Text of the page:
Polish Intelligentsia in Nazi Concentration Camps and American Exile a Study of Values in Crisis Situations
1998 0-7734-8388-8
Based on interviews carried out in Chicago in 1955 with Polish intellectuals who survived wartime internment in Nazi concentration camps and later emigrated for political reasons to the US. Contributes to the study of life in the camps, emigration and assimilation studies, and theoretical studies of values. It begins with a brilliant exegesis of the social origins and occupations of the pre-war Polish intelligentsia, and of their aspirations and way of life analyzed under the headings of personalism, patriotism, spiritual leadership, liberal education, social refinement, and lifestyle. It emerges that pre-war intellectual values proved stronger in the camps (where her informants managed to maintain their roles as spiritual leaders) than in the seemingly lesser ordeal of exile. In Chicago, where they found only factory or low-level clerical jobs, had no access to higher intellectual and cultural milieux, and were distrusted or ignored by the Poles of an earlier emigration, the old values were often irrelevant.

Struggle for Life During the Nazi Occupation of Poland
1998 0-7734-8378-0
Testimony of the author's experience, hardships, suffering, and survival of the Nazi occupation of Poland. Includes photographs and reproductions of documents such as false birth certificate, 'true-passage' document, false travel document made by the underground, false train ticket made by the underground, example of anti-Semitic propaganda flier.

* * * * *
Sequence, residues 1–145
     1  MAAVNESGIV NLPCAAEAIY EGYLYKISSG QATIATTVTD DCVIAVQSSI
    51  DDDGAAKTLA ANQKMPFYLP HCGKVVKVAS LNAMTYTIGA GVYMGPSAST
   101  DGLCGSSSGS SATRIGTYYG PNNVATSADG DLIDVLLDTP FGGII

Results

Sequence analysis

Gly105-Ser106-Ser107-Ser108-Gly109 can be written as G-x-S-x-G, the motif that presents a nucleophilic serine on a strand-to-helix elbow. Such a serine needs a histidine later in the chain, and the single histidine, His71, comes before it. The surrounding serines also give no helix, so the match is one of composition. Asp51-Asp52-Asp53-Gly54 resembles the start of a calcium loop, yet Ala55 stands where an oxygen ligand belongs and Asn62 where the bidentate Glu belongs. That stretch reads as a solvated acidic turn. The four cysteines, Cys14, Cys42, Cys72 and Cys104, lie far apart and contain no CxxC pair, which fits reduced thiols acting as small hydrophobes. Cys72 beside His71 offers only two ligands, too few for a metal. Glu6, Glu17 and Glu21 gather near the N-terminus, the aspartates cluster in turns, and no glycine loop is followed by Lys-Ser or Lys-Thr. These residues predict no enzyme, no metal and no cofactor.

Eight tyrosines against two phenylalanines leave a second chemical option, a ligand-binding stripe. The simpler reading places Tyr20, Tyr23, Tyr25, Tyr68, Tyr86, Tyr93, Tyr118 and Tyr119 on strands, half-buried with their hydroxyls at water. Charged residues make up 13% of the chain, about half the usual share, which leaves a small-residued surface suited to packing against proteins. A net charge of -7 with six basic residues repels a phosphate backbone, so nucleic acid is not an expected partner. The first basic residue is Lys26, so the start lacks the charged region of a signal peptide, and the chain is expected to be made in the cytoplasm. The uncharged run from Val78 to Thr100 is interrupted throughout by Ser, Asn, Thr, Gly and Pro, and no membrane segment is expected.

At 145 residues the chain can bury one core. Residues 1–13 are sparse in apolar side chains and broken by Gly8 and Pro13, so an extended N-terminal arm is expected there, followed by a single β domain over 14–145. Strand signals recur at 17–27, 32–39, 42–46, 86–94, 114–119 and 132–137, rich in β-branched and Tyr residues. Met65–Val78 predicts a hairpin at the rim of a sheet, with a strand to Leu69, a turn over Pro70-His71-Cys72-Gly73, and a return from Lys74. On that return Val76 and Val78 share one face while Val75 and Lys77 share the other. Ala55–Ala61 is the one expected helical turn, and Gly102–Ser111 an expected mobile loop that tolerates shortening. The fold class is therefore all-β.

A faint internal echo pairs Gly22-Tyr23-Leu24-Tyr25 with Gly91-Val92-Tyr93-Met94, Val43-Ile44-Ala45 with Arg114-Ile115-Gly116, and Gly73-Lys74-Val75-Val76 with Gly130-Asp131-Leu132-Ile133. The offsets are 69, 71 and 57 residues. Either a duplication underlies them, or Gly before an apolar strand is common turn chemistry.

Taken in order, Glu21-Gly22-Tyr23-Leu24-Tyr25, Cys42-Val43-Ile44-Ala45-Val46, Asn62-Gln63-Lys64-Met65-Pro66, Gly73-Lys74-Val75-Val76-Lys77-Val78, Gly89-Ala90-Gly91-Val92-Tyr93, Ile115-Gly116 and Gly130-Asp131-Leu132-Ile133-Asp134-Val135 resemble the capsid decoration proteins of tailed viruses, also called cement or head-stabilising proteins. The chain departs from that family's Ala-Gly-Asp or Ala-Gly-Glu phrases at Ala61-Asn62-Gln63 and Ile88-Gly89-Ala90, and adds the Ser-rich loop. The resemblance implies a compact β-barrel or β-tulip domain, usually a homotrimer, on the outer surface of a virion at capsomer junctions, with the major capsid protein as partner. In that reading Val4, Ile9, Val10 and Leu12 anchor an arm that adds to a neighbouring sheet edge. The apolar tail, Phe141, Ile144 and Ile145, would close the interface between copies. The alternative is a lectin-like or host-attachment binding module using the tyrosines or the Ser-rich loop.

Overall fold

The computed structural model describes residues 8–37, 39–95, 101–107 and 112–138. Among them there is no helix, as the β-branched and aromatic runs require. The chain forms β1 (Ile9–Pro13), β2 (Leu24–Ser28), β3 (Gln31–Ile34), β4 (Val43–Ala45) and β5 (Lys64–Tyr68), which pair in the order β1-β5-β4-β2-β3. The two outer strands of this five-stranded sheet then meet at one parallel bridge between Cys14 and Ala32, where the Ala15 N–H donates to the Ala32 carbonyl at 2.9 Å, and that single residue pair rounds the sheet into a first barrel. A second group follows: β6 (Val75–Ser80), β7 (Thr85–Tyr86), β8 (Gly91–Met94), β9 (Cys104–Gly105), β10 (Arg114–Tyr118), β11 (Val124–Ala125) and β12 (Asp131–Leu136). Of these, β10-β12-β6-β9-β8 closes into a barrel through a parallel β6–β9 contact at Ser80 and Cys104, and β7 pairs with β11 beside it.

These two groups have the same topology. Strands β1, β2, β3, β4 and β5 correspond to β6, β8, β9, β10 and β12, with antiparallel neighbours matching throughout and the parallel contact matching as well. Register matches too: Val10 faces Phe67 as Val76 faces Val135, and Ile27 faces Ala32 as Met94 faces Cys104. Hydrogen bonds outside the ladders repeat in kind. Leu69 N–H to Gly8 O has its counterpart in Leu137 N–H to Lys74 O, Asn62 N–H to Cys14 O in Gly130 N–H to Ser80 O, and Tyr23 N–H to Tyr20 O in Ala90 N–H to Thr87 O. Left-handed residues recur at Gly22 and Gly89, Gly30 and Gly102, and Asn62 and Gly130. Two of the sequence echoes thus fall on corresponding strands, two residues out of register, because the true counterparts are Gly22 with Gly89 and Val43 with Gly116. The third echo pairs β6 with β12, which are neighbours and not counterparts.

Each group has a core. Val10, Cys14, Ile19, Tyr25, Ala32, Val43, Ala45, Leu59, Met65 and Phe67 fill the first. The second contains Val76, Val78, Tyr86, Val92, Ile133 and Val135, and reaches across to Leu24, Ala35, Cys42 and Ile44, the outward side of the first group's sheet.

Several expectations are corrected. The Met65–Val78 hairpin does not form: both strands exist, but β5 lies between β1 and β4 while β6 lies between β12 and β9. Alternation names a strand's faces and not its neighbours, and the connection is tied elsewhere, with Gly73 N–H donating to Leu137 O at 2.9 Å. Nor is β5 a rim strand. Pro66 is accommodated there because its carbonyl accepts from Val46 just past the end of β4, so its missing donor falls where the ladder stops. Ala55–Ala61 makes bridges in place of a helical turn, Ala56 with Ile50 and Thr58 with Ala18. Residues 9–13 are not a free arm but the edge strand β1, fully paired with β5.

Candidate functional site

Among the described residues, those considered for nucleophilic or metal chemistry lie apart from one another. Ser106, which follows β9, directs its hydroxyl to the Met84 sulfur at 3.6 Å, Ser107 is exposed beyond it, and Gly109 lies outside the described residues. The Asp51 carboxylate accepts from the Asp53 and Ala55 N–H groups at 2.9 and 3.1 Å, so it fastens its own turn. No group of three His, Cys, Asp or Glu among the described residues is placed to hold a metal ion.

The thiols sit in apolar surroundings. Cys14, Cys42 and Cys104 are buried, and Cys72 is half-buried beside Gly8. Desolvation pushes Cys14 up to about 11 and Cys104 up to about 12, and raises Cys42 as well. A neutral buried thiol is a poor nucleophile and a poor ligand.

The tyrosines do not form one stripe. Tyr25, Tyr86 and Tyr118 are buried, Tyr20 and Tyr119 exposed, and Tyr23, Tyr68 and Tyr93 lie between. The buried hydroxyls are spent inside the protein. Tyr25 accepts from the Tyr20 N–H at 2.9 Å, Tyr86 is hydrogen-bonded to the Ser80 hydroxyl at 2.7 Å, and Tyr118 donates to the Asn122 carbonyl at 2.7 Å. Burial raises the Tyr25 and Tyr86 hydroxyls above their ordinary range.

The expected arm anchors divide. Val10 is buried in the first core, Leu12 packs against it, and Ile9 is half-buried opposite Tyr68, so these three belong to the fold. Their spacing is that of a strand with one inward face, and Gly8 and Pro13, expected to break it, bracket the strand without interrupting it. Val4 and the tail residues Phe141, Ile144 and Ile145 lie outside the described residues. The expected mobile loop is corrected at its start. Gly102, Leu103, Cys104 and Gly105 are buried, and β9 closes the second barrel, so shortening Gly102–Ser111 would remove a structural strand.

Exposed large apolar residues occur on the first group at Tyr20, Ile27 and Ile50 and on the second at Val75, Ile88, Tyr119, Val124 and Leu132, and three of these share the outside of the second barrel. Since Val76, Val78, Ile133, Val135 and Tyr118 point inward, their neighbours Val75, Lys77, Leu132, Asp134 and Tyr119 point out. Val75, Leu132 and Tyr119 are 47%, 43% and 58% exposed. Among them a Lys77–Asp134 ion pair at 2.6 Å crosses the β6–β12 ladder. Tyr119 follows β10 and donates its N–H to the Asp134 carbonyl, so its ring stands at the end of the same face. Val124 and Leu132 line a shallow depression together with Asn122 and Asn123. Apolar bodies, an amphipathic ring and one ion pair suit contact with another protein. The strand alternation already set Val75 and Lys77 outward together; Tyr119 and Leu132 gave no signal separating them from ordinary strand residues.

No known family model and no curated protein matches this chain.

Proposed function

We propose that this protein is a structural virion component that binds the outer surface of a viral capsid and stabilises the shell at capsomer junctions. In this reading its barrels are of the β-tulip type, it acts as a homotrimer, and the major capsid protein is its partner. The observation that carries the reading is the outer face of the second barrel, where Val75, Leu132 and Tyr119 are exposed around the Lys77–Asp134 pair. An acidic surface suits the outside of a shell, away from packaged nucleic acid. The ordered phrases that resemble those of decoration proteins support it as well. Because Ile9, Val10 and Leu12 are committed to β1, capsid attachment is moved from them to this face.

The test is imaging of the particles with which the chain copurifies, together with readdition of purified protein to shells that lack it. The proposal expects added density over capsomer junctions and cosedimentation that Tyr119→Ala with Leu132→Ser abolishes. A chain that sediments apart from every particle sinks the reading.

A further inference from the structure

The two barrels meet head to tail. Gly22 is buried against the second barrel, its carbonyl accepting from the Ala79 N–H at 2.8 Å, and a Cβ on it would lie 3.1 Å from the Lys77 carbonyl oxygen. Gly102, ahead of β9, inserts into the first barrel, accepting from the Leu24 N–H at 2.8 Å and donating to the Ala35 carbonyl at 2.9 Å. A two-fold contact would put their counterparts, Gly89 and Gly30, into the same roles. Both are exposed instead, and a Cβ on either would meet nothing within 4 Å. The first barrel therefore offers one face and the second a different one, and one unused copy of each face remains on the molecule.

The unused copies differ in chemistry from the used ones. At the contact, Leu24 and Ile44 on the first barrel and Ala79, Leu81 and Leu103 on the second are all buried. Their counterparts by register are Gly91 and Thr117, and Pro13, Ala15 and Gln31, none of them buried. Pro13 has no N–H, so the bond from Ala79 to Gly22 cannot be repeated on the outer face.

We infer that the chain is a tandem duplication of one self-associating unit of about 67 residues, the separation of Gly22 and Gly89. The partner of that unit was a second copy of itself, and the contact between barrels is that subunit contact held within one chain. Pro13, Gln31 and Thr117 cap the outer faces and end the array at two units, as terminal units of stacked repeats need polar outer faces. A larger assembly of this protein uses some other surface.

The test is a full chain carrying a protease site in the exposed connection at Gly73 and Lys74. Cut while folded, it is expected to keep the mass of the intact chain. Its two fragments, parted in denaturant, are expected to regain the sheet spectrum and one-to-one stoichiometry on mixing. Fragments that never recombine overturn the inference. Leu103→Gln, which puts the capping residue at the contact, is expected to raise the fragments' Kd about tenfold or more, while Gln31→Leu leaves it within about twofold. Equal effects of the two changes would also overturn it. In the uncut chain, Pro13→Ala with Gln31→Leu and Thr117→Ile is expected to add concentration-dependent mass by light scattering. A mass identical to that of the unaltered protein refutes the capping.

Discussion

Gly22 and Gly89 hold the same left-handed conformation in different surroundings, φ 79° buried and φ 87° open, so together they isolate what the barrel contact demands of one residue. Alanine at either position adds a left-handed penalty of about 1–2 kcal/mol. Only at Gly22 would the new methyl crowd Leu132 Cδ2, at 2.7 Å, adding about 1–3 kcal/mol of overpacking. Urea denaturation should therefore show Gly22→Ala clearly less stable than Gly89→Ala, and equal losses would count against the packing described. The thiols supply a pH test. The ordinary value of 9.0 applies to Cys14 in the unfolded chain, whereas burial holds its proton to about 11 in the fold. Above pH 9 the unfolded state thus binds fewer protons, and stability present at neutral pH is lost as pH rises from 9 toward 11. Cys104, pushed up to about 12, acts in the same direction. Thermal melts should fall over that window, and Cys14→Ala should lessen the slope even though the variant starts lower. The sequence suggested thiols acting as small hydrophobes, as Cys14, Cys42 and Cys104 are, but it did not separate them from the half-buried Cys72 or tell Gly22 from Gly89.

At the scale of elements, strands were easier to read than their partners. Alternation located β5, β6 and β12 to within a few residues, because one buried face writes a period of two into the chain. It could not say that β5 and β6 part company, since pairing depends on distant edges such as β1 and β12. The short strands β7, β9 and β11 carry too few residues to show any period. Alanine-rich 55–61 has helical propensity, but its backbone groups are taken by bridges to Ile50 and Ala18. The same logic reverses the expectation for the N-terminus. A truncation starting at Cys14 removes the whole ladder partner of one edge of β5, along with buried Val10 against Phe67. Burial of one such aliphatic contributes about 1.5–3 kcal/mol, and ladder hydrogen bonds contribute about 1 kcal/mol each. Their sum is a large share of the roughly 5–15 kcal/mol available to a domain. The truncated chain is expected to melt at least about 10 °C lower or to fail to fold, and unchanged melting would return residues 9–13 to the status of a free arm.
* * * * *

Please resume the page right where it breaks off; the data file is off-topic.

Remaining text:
Theresienstadt Deception: The Concentration Camp the Nazis Created to Deceive the World
2012 0-7734-4059-3
The author describes the social structure, created by the prisoners themselves at Theresienstadt: the library, banks, schools, orchestra, medical facilities, and economic life. The book’s author provides eye witness information about the organization of this camp created by the Nazis in order to deceive the world about their true purpose.

Theresienstadt Deception: The Concentration Camp the Nazis Created to Deceive the World (softcover)
2013 0-7734-4061-5
The author describes the social structure, created by the prisoners themselves at Theresienstadt: the library, banks, schools, orchestra, medical facilities, and economic life. The book’s author provides eye witness information about the organization of this camp created by the Nazis in order to deceive the world about their true purpose.

Varieties of Protestantism in Nazi Germany. Five Theopolitical Positions
1990 0-88946-790-0
Examines the history of Christianity in the area of the relationship between theology and politics, particularly as applied to the encounter of German Protestantism and National Socialism, a topic usually treated as the German church struggle. Goes beyond the narrow and limited concerns of the church struggle by both historically deepening and methodologically broadening the perspective through a combined historical and systematic approach. Feige's five-pronged typology of Protestant responses to National Socialism opens up a comparative vantage point from which to address the strengths and weaknesses of the individual responses more fully. The five types are represented by the confessional position of Karl Barth, the neo-conservative Paul Althaus, the National Socialist Emanuel Hirsch, the liberal Martin Rade, and the religious socialist Paul Tillich. The typology is a heuristic device in the sense that equal attention is given to all five types.